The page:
Street: 3 Great Pasture Road
Ephraim Sanford House
Street: 17 Giles Hill Road
Abel Morehouse House
Street: 230 Poverty Hollow Road
Lee Cartoun House
Street: 42 Wayside Lane
Simon Couch House
Street: 12 Old Redding Road
Ephraim Wheeler Jr. House
Street: 23 Giles Hill Road
Eli Sanford House 1
Street: 155 Topstone Road
Parsons Harris House
Street: 74 Wayside Lane
Street: 15 Lonetown Road
Street: 11 Gallows Hill Road
Street: 35 Lonetown Road
Ezekiel Jackson House
Street: 187 Umpawaug Hill Road
Gershom Beers House
Street: 123 Black Rock Tpke.
Street: 73 Stepney Road
Lemuel Lyon House
Street: 23 Giles Hill Road
whole list with owners (opens in new window)
you own or are you looking to own an older home?
you truly are looking for an older home in Redding you should
view the Margaret Wixted Collection at the Mark Twain Library.
It has house histories, family histories, photos new and old.
is available at the Mark Twain Library
Homes For Sale in Redding:
Pitt Real Estate- Agent
Ridgefield, CT 06877
Tavern/Stage Coach Stop
many years, the location of this antique was known as "Boston
Corners". It was on an Post Road/Stage Coach route which
ran from New York to Boston. It was the place where the horses
were changed and passengers were fed. The house has been renovated
over these years, however an old post road milestone still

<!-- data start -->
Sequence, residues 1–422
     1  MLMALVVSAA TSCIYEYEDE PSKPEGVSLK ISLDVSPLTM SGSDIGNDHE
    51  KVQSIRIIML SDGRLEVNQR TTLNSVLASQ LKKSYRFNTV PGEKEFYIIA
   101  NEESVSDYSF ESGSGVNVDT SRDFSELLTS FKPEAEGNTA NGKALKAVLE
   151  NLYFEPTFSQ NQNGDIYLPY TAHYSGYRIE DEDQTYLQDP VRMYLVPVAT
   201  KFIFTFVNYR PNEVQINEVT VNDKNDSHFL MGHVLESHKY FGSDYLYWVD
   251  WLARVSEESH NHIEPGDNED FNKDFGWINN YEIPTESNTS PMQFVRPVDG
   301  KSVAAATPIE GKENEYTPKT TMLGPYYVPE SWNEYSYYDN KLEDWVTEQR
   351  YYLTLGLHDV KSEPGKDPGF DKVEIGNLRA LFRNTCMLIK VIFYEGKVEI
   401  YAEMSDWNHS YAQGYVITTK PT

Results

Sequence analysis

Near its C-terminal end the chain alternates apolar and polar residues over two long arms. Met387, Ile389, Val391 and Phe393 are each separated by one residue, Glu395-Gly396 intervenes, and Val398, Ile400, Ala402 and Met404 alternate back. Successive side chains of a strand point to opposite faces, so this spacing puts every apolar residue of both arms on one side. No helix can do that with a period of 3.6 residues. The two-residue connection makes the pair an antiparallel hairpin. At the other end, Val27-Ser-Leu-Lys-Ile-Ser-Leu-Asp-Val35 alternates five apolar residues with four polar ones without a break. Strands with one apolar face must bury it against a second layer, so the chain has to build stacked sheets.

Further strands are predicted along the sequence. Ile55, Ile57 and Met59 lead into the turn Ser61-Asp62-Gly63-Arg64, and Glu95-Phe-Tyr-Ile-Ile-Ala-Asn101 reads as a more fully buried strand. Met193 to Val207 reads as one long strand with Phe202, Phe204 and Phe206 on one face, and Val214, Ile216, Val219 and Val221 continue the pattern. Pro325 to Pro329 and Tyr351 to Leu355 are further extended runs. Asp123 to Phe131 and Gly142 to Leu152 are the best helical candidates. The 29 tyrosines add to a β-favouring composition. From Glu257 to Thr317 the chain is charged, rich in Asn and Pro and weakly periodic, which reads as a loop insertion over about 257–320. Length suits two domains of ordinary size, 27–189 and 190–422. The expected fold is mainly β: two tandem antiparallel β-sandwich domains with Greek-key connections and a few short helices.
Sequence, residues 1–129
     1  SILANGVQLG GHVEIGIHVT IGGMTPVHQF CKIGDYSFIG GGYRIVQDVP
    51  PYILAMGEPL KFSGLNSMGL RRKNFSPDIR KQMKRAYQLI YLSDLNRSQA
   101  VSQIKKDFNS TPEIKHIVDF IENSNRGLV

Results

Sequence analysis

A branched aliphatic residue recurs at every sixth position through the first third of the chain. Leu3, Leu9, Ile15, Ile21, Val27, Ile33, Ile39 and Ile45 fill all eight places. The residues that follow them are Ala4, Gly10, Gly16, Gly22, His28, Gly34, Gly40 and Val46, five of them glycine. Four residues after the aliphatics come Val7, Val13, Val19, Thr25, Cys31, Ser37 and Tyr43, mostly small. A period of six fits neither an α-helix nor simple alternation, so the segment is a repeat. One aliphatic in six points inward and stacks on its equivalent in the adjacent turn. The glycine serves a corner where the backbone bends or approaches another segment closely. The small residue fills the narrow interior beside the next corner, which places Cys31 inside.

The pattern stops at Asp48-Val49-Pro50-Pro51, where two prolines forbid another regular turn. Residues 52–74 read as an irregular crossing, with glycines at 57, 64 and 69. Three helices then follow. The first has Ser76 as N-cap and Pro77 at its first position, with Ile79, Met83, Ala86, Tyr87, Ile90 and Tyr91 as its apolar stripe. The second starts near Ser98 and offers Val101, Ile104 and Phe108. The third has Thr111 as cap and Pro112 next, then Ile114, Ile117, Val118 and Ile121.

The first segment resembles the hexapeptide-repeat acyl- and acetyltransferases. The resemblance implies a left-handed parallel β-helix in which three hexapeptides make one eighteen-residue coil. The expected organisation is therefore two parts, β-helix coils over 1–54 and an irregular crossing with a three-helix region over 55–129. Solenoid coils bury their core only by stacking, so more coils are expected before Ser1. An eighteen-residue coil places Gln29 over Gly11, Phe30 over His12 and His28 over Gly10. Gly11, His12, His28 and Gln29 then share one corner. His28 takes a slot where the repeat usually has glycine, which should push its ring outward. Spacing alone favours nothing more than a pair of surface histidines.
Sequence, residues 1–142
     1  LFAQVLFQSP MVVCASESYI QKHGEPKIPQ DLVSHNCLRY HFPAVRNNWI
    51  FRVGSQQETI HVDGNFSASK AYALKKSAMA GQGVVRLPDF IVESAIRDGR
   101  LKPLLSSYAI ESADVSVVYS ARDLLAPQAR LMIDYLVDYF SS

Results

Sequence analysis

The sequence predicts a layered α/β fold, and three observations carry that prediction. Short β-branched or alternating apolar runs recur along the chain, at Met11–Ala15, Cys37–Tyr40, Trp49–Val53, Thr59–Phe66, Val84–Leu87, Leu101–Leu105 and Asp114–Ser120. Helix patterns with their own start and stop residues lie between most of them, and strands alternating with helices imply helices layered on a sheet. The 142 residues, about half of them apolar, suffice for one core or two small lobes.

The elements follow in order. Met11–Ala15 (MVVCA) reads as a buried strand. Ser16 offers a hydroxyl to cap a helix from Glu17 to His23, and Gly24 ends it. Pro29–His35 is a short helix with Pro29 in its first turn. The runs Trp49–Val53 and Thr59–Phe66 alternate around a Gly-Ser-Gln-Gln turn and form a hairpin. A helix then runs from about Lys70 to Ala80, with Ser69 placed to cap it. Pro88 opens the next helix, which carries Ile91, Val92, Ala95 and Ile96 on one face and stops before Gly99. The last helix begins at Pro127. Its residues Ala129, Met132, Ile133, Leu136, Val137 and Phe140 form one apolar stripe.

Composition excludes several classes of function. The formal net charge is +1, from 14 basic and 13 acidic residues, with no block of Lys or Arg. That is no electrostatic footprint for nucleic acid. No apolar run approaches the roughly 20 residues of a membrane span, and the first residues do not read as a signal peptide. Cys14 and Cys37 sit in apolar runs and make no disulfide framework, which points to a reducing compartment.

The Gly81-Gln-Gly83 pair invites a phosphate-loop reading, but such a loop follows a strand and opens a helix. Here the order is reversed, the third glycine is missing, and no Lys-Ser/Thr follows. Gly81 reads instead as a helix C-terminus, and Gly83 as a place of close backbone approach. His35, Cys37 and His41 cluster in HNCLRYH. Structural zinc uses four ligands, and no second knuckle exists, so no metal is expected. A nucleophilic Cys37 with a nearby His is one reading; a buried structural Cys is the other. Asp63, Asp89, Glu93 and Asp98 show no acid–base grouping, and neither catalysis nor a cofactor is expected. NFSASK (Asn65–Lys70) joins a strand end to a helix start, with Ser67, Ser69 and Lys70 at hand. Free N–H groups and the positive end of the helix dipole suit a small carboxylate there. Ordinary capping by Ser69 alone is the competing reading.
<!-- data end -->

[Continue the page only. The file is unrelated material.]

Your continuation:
sits on the west side of the house...which is rare. This tavern
had a number of owners which resulted in several name changes
for the corner on which it sits: Boston Corners, Pinckney's
Corner, and Darling's Corner are the most common. View
reads: "12 Ms (miles) To= Nw (Norwalk) 1786" *it
was 12 miles to Danbury as well.
Pitt Real Estate- Agent
Ridgefield, CT 06877
Antique on Cross Highway
main residence is a 1753 landmark colonial offering nine gracious
rooms of grand proportion and comfort on 21.58 acres. This
four bedroom, 4 1/2 bath residence is in excellent condition
and boasts six fireplaces, wide floorboards, rich moldings,
exposed beams and classic New England charm galore.
The orientation of the home is outside to the exceptional
stone patios, extensive gardens, sprawling lawns, pond, gunite
pool with screen house and commanding rolling field views
of which 15 1/2 acres are preserved in perpetuity by a conservation
easement. The outbuildings include a 46 x 28 fully restored